A New Class: Algonquin College is Saving a Seat for Women in STEM
Thirty per cent seems to be the magic number when it comes to inclusion.
It’s the tipping point from tokenism to creating real change. “We didn’t pull that number out of the air,” says Sarah Gauen, Inclusion and Diversity Specialist at Algonquin College. “30 per cent is the number that’s been proven—when you look at boardrooms, when you look at team interactions—if you have 30 per cent representation for one group, that’s the number when you start to get meaningful interactions and when the contributions of women in particular start to make a difference.”
This number has been picked up by the Ontario Securities Commission as a requirement at the board level for representation for women, and Algonquin is using it as a goal post for enrollment in their tech programs. They came up with the We Saved You a Seat program as a way to combat gender imbalance in enrollment. The program reserves 30 per cent of classroom seats for qualified women in four STEM programs: Computer Systems Technician, Electrical Engineering Technician, Electro-Mechanical Engineering Technician, and Mechanical Engineering Technology.
“We started to take a look at the composition of our students, and looking at the numbers we realized that we had a bit of a challenge in some of our tech programs—the persistent underrepresentation of women in technology,” Gauen explains. “We looked back through about 10 years of enrollment and graduation, and we saw that women pretty consistently made up only 10 per cent of enrollment in many of our programs, or less.”
The reason why women are underrepresented in STEM subjects is long and complex. From being told that they won’t be as good as boys at certain subjects to increased anxiety when it comes to test taking because of that narrative, girls often self-screen out. In addition, a major factor in applying for a program is the perception of belonging—it is this factor that Algonquin is trying to combat with the We Saved You a Seat program, by making sure there are a substantial number of women in the classroom to reduce that feeling of isolation.
“We looked back through about 10 years of enrollment and graduation, and we saw that women pretty consistently made up only 10 per cent of enrollment in many of our programs, or less.”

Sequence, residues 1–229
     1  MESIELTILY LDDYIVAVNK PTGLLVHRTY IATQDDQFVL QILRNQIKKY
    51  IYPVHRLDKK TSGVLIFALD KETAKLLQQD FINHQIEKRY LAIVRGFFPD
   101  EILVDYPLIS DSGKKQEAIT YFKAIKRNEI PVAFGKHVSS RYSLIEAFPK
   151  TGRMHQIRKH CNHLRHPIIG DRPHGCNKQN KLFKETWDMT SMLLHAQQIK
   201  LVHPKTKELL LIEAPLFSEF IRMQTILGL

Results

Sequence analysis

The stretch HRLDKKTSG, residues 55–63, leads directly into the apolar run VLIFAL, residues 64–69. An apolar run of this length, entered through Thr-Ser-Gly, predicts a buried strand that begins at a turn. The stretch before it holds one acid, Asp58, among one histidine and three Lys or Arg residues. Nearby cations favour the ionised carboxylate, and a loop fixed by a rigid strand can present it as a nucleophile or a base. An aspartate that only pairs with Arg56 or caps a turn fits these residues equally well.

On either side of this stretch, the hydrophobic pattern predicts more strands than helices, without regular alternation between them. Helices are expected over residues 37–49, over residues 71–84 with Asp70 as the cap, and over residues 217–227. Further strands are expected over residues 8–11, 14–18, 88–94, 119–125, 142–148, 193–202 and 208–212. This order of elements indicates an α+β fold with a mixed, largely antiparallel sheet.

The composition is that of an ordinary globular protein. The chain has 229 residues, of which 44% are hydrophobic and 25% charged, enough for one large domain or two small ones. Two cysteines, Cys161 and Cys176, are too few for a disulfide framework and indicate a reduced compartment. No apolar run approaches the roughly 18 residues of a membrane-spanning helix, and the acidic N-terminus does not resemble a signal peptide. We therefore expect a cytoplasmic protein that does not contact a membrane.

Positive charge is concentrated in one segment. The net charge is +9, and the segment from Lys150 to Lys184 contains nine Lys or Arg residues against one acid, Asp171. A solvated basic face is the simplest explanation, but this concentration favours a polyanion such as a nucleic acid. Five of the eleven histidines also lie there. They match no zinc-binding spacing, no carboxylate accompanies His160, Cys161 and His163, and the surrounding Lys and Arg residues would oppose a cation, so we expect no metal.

“We know from our research that when there is gender diversity in the classroom, test scores go up for everyone,” says Gauen. “And this will help the guys as well. We’re hoping that employers will recognize that Algonquin is developing soft skills; when young men and women graduate they will have the social skills to get along in the workplace.”
In addition to encouraging women to enroll, they will also provide training for faculty on how to teach more effectively in gender-inclusive classrooms. “The first thing we needed instructors to understand is why women have been unsuccessful in STEM programs in the past, and how that lack of success is linked to teaching,” Gauen explains. “So we focused on what they can do to help women be more successful.” They are also encouraging faculty to arrange group projects to encourage participation and to use diversity in the curriculum by using case studies of women who have achieved success in their field.
They are also working toward making sure that financial limitations aren’t stopping women from partaking in these programs by setting up scholarships and bursaries for women in STEM. Corporate donors are already stepping up to provide scholarships under the program. Algonquin is making sure the participants have ongoing support as they move through the program. They are launching a mentorship program for participants to get advice from industry mentors, both men and women, who will coach and guide them on both studying and working in the industry after graduation, so they can really see themselves in the workplace.
“Ottawa’s situated itself as a tech capital—we’re Silicon Valley North,” says Gauen. “We’re building up Kanata North, we’re the home of the AGDA Group—these are great tech firms, but they need the talent to stay here. Algonquin College is making sure we have great talent, both men and women, who are connected with industry and coming out ready to work. By building a great talent pool here we’re more likely to keep these great employers hiring out of our community. We’re a part of the growth of Ottawa.”